Online marketing is off to a flying start in 2014 with nine out of 10 business leaders increasing (or maintaining) their marketing budgets, according to MarketingCharts.com. So, what are business owners spending the cash on, and more importantly, is it working? Below are five growing industry trends for you to consider adopting in the second quarter of 2014.

Diverse yet targeted social media marketing.

According to Pew Research, 73 percent of adults use a social networking website. While Facebook is the most popular social networking site across a broad demographic range, other social networking sites have specific demographic user profiles. No longer limited to only Facebook, Twitter and LinkedIn, businesses are now targeting specific demographics through the social networking sites their specific audience uses most. For instance, Instagram is more popular with younger, urban dwellers while Pinterest is more popular among women. Knowing where to target your advertising makes it much more effective.

Mobile-friendly marketing.

Consumers are increasingly shifting away from desktop computers and even laptops in favor of mobile devices. In fact, International Data Corporation predicts that by 2017, 87 percent of connected device sales will comprise of tablets and smartphones. Responsive web design or, at the very least, creating a mobile version of a company’s website, is critical to avoid losing customers to competitors who have already embraced this trend.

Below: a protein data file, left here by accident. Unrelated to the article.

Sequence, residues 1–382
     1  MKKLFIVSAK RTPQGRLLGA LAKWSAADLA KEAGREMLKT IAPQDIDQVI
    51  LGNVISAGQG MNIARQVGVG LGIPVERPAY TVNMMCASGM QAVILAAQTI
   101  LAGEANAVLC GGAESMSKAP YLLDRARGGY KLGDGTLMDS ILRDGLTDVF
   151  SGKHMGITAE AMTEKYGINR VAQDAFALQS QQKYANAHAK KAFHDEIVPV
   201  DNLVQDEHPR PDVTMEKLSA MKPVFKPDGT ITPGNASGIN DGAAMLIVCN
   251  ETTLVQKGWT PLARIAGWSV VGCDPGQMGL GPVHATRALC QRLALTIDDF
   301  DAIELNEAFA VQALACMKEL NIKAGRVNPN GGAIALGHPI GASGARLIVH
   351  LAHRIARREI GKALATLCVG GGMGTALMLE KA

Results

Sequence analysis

An emphasis on security.

Both business owners and consumers face security challenges. Even the most trusted websites can (and have been) compromised, resulting in a scramble for increased security and identity theft protection for customers. However, business owners are taking even more precautionary measures to keep their customers safe such as investing in up-to-date SSL certificates and server software. Also, a trust seal next to your website in the search results is a visible cue that can help inspire consumer confidence and trust.

Content, content, content.

There’s still nothing like using quality content to establish authority and gain trust. However, it’s necessary to be strategic by using the right type of content in the right setting. Text-based content is still relevant, particularly for website articles, e-newsletters and case studies. However, image-based content is extremely important, especially for image-centric social media websites such as Pinterest, Instagram and Buzzfeed. Content with an emphasis on images is much more likely to go viral than a text-centric article or blog post.

Ad retargeting.

This is a fancy new name for a very old strategy: exposing a customer to a brand over time to build familiarity, hopefully evolving into brand loyalty and sales. Ad retargeting works by showing people ads from websites they’ve recently visited. (This is made possible with a web browser’s tracking cookies.) While there is spirited debate over whether or not the two to three percent conversion rate is accurate, there is almost universal agreement that repeated exposure to a brand increases the likelihood a consumer will make a purchase. While this might not result in an immediate sale, it will keep your business and brand in the consumer’s mind. When the consumer is ready to buy, your product or service will be their first choice.


*Average of tablet and smartphone percentages, found in the table under 2017 Market Share